BMW’s classy Z4 Sports Car has been completely redesigned for 2009. But, now as a hardtop droptop, it really knocks out two birds with one stone. It replaces both the previous Z4 Coupe and Z4 Roadster. The goal, of course, is to combine serious driving excitement with outrageous open-air exhilaration. So, let’s see if the new Z4 is a mix made in heaven - or not.

With production now moved from South Carolina to Germany, the 2nd generation 2009 BMW Z4 takes the modern interpretation of the classic sports car to an aggressive new level.  It’s also BMW’s first roadster with a folding hardtop.

Larger in all directions, mainly to create a larger interior, the new Z4 now measures 166.9 inches in length, an increase of 5.  That’s still about a half a foot shorter than the 1-series.

With all new sheet metal from front to back, styling continues to evolve from the vaulted Z8.  The Z4 dons even more of the Z8’s unmistakable presence, defined by a low-slung front-end and long hood, but with ever sharper shoulder and rocker lines, and a wide, sculpted rear-view. 

Which leads us to a new highlight for the Z4: its lightweight aluminum top.  BMW calls the retractable top “a piece of art in motion.”  The hydraulically powered two-piece design can be opened or closed in a mere 20 seconds.

Top up or down, this Z4 is ready to take to the roads.  Power for US-bound models copies the 3-Series, with the sDrive30i’s naturally aspirated 3.0-liter inline-six with 255 horsepower and 220 pound-feet of torque, or our SDrive35i tester’s twin-turbo 3.0-liter inline-six with 300 horses and 300 pound-feet.

Both cars come standard with a 6-speed manual.  While a 6-speed automatic is optional on the 30i, our test 35i had the M3-style seven-speed dual-clutch auto.

We got a chance to drive the Z4 sDrive35i on the gorgeous roads of Alicante, Spain. With the Mediterranean as the backdrop, a mix of long sweepers and tight twisties made up our picture-perfect route where our 35i pulled like a V8 from idle all the way to the 7,000 rpm redline.  The twin-turbos spooled up quickly and very smoothly.  There was absolutely no dips or gaps in the power band.  This car knows not the definition of “turbo lag.”

The fast-shifting 7-speed glides seamlessly from gear-to-gear, and with Launch Control, the Z4 can get to 60 in 5 seconds flat, all with a near-symphonic exhaust note that will stay with you long after you’re parked.

With the top down, wind buffeting is well controlled, more so with the wind screen in use, and with the top up, road noise is virtually non-existent.

The Z4’s precise handling is the result of an almost perfectly balanced chassis. There was a slight touch of understeer as we sliced through the devilish switchbacks, but the car was otherwise subservient to driver input.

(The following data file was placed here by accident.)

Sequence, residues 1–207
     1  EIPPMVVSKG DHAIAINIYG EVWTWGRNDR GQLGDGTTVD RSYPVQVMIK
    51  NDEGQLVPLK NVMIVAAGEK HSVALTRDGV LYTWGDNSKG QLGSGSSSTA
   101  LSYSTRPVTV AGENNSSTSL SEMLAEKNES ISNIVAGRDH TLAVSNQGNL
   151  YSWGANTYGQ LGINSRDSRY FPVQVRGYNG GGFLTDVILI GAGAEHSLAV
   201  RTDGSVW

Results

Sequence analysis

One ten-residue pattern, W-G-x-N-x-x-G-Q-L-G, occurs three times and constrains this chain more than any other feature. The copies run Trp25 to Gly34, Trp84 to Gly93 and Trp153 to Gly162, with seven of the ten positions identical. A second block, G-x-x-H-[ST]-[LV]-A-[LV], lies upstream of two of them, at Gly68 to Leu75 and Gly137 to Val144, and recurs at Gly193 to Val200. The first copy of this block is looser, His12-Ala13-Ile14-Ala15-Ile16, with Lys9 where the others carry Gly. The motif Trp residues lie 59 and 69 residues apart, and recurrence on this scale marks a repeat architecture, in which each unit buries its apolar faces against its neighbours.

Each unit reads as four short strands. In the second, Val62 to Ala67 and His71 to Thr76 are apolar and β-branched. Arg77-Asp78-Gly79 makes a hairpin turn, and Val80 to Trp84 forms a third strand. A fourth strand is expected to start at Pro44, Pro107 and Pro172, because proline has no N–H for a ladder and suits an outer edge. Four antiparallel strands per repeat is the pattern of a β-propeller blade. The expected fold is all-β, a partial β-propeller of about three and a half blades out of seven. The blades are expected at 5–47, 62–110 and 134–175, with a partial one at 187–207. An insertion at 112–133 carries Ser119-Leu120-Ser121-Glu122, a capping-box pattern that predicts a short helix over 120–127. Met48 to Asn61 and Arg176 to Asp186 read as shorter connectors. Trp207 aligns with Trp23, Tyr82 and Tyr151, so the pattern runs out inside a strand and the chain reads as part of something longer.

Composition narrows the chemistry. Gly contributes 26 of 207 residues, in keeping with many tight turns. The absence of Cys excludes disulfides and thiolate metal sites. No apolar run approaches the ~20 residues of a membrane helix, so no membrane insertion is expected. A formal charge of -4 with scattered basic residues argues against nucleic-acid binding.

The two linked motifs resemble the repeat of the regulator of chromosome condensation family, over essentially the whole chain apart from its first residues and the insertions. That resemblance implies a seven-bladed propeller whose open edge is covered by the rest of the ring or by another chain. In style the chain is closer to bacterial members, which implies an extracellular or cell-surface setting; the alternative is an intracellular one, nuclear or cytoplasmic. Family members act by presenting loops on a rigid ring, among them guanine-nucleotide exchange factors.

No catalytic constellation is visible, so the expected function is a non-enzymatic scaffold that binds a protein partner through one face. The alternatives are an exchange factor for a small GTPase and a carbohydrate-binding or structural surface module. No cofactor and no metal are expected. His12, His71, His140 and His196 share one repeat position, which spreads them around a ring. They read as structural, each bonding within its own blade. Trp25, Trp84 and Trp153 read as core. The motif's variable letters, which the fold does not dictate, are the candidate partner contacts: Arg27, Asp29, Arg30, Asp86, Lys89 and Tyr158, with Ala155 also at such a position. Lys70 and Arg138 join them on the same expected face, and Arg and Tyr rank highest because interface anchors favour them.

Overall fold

BMW’s latest Dynamic Stability Control system has three-modes: normal for the softest ride, with sport, and sport-plus providing two levels of stiffness.  DSC also modifies steering response, engine management, and shift points to offer distinctly different driving setups.  Our car had an optional M-suspension which controlled the damping rate.

The Z4’s 17-inch alloys also help to keep it glued to the pavement during higher-speed acrobatics, as the high-performance lightweight brakes stopped our 3,500 pound Z4 with rock solid stability, all leaving our staffer on sight suitably impressed.

BRIAN ROBERTS:  There’s no doubt with the relaunch of the 2009 Z4, the classic roadster is back.  Not only is it more powerful, but it is also more stylish than ever before.

Within, the new Z4’s upscale and well-equipped two-seat cockpit is larger and far more useable than before.  There’s noticeably more leg and shoulder room, and the new hardtop results in a slight increase of headroom.

The leather seat and steering wheel surfaces have been treated with a reflective technology that keeps things cooler in the open sun, and the latest iDrive system, which BMW finally appears to have nailed, offers an 80 gigabyte hard drive that allows you to upload songs via a USB port.

Safety is provided by stout steel roll bars and standard front, side, and knee airbags.

In terms of cargo, top up, space is up by 2 cubic feet to 11. Top down it’s still a weekend getaway acceptable 6.3 cubic feet.

Pricing for the Z4 sDrive30i starts at $46,575, while the sDrive 35i begins at $52,475. Sounds steep but the 35i is still less expensive then the Porsche Boxster S and the Mercedes Benz SLK55 AMG.

With its retractable hardtop, the 2009 BMW Z4 is a successful fusion of coupe and convertible sports car.  Having captured the best of both worlds, this new roadster is, no doubt, a masterpiece in its own right.


  • Engine: Sdrive35i Twin-turbo 3.0-Liter Inline-six
  • Horsepower: 300
  • Torque: 300 Lb Feet
  • 0-60 MPH: 5.0 Seconds